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Wheldon, a 33-year-old English driver who won the famed Indianapolis 500 twice, died on Sunday when he was caught up in a stunning chain-reaction crash at Las Vegas Motor Speedway in what would have been IndyCar's season finale.
Fifteen cars were involved in the fiery melee on the 12th lap, after which the race was cancelled.
"The entire IndyCar family is saddened by Dan Wheldon's tragic death, and our thoughts continue to be, first and foremost, with Dan's wife, Susie, and his entire family at this incredibly difficult time," an IndyCar statement said.
"As part of our standard safety protocol, a full investigation has been launched by IndyCar, with assistance from individual members of various motorsports bodies," the statement said, but it clarified that neither the International Motoring Federation (FIA) nor the Automobile Competition Committee of the United States (ACCUS) -- which serves as the interface between the FIA and US member clubs -- was involved in an official capacity.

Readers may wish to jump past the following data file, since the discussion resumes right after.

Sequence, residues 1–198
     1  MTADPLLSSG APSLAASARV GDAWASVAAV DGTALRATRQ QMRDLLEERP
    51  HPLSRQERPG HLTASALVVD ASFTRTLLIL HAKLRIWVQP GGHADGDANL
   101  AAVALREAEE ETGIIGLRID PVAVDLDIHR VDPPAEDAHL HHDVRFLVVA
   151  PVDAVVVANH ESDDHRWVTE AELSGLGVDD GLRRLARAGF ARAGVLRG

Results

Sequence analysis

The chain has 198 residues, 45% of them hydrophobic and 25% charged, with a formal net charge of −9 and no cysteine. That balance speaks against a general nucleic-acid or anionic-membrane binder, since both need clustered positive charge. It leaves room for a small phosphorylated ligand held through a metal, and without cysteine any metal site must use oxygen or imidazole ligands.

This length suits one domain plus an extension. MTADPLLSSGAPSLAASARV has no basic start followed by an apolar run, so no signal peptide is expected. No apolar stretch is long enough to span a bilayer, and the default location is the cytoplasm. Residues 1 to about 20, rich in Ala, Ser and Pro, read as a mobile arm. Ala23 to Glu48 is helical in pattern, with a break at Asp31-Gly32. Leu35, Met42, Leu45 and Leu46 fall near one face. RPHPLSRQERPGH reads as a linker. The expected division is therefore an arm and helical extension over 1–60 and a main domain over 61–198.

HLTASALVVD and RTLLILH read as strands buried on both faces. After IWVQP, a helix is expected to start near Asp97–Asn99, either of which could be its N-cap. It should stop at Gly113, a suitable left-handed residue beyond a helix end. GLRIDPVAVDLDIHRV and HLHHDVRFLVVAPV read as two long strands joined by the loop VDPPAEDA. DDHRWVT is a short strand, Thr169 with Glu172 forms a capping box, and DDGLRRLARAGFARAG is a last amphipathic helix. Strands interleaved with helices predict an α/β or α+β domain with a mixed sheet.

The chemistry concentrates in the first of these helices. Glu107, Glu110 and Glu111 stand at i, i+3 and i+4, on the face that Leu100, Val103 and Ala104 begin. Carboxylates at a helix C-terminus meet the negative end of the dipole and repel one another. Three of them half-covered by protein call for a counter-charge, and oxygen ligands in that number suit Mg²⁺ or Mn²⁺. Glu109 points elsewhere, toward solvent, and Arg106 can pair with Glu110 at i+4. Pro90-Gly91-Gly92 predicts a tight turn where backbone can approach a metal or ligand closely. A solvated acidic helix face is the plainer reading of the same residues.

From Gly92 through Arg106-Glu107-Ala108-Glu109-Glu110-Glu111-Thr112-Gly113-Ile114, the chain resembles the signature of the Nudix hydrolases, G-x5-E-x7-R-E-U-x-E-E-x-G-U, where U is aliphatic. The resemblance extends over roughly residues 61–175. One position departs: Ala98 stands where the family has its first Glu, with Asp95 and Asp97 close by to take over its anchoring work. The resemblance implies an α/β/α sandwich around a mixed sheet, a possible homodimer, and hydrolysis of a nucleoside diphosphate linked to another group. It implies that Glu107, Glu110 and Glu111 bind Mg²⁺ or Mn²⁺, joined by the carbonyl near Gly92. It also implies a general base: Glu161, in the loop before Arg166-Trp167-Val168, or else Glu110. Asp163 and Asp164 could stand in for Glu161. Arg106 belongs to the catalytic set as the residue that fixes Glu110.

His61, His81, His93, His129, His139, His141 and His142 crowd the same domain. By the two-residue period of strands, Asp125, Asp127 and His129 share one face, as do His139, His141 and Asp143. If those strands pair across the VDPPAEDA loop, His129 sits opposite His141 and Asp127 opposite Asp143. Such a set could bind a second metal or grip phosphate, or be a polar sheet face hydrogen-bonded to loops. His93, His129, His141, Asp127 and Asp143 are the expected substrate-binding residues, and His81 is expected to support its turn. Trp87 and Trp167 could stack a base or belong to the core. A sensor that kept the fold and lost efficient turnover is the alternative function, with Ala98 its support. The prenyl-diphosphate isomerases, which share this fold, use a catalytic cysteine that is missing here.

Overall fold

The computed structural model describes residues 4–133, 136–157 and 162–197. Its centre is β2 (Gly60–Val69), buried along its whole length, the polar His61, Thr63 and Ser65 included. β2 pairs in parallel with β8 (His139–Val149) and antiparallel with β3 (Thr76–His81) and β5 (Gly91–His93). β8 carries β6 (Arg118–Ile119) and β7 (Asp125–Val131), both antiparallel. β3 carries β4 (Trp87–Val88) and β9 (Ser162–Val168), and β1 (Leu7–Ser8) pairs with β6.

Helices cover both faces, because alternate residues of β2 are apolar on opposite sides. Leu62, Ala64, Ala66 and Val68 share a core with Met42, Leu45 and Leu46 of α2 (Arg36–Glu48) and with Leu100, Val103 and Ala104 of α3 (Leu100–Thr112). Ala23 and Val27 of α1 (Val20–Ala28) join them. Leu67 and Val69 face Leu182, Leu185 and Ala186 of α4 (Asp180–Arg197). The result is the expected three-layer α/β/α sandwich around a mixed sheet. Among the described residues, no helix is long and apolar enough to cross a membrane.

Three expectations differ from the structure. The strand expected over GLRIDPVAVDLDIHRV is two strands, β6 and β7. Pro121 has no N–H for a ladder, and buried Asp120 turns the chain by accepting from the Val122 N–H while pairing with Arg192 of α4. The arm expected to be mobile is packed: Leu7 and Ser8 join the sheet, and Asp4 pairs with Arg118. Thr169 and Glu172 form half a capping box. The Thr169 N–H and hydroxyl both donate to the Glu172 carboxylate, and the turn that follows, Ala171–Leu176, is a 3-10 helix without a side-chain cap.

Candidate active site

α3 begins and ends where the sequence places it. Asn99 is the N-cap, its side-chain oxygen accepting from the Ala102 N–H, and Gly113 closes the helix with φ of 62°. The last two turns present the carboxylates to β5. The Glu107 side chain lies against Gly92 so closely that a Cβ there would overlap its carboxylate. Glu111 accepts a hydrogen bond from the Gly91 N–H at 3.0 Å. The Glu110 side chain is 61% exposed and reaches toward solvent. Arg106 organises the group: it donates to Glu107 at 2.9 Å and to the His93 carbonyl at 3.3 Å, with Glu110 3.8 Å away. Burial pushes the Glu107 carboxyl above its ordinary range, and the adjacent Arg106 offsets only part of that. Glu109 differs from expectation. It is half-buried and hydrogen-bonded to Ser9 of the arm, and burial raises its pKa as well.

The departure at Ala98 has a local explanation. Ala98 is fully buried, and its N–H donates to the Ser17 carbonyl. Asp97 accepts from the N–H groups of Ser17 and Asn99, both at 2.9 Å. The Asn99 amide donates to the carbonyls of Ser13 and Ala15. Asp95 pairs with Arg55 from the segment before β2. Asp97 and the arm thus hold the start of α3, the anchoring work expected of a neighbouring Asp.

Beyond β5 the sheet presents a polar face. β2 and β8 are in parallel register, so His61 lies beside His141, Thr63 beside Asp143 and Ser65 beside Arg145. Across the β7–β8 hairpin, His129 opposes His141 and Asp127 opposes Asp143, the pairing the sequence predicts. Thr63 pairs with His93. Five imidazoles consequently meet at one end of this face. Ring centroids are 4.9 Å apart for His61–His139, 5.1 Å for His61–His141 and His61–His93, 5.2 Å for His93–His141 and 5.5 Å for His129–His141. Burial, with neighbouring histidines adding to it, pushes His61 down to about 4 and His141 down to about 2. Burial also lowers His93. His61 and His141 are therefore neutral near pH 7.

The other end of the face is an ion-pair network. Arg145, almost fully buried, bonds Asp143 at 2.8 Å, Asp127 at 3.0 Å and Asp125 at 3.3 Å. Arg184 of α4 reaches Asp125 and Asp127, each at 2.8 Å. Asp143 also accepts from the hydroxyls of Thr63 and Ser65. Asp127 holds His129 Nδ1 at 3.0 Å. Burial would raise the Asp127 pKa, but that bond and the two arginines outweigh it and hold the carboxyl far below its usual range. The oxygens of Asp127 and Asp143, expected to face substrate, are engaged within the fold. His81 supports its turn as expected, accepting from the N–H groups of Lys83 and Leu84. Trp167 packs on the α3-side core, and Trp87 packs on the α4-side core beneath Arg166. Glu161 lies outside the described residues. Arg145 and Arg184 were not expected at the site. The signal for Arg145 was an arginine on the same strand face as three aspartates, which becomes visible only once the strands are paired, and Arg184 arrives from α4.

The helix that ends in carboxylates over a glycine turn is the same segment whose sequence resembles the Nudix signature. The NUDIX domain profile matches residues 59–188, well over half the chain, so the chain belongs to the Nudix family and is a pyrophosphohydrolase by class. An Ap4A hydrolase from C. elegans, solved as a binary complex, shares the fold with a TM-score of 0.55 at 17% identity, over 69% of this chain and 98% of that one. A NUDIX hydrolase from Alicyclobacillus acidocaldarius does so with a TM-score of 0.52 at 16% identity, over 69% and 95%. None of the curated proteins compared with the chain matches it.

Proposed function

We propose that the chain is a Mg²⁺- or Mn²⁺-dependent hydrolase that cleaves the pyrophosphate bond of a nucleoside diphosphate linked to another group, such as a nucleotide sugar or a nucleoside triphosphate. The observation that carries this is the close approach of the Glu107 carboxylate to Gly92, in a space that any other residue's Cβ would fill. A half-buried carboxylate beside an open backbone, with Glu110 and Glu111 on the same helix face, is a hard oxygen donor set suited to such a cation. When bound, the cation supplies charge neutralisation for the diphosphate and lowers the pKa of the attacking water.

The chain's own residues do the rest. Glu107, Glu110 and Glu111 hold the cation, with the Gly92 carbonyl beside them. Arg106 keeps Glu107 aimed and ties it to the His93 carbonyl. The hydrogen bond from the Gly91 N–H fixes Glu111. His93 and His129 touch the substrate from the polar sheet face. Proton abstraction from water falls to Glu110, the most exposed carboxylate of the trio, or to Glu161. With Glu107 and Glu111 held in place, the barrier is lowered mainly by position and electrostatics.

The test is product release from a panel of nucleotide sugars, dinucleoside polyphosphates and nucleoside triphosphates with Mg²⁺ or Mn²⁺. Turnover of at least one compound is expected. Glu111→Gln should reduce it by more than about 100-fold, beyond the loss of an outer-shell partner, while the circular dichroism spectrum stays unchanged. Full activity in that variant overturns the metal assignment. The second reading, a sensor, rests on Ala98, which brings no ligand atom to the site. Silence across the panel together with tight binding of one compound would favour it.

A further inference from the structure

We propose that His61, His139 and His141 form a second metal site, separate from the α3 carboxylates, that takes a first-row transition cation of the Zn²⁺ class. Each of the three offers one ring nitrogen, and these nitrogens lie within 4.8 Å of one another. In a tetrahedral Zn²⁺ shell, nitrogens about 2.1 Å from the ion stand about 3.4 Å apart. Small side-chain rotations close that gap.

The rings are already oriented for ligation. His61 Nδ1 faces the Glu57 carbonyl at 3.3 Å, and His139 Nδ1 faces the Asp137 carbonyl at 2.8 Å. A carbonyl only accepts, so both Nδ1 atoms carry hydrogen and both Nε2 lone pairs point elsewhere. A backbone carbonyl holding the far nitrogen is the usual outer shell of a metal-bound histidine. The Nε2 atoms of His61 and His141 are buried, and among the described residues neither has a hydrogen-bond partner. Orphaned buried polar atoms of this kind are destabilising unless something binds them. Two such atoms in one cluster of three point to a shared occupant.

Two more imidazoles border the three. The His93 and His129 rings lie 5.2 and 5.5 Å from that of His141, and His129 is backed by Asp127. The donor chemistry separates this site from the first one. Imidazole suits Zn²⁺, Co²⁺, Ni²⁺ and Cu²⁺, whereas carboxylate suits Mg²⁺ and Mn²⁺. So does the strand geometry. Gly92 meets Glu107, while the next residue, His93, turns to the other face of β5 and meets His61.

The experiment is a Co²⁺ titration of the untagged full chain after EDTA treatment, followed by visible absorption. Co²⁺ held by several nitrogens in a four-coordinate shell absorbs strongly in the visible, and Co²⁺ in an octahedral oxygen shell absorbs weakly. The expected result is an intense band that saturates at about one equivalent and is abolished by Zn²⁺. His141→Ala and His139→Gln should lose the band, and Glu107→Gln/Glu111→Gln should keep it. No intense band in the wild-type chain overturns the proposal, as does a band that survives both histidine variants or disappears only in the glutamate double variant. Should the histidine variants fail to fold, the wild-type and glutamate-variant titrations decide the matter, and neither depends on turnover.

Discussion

"We hope to have preliminary findings to report within the next several weeks. In the meantime, it would be inappropriate to comment further until the investigative team has had the opportunity to conclude its work," the statement said.
IndyCar vowed that the probe would seek to discover if speeds at the Las Vegas track were too high or if the field was too crowded.
Some drivers had predicted a chaotic race on the oval circuit at Las Vegas.
The circuit had been reconfigured to add "progressive banking" designed to increase side-by-side racing, which can be particularly dangerous in open-wheel races.
Sam Schmidt, a former driver and Las Vegas native who runs the team for which Wheldon ran his final two races, said the accident could have happened almost anywhere.
"It's similar to what we do at Texas -- with a little more speed a few more cars -- but I don't think the track's to blame," Schmidt said.
Jimmy Johnson, the five-time defending champion of the hugely popular NASCAR stock-car racing series, sparked a heated debate when he said after Wheldon's death that IndyCar races shouldn't be held on oval tracks, but instead only on road-style courses.
Johnson later said he was referring to high-banked ovals, which he believes are unsafe for open-wheel race cars.
While the discussions are sure to intensify, many drivers have said they just want to focus now on Wheldon, who leaves behind a wife and two small sons.
Colombia's Juan Pablo Montoya, a former Formula One star and Indianapolis 500 winner who now drives in NASCAR, was among them.
"I think people really have to forget about that," Montoya said. "Now with the social media and everything anybody's opinion really counts.
"And I think the only opinion that really matters right now is the one where we worry about Dan and his family. Let's let IndyCar deal with their problems."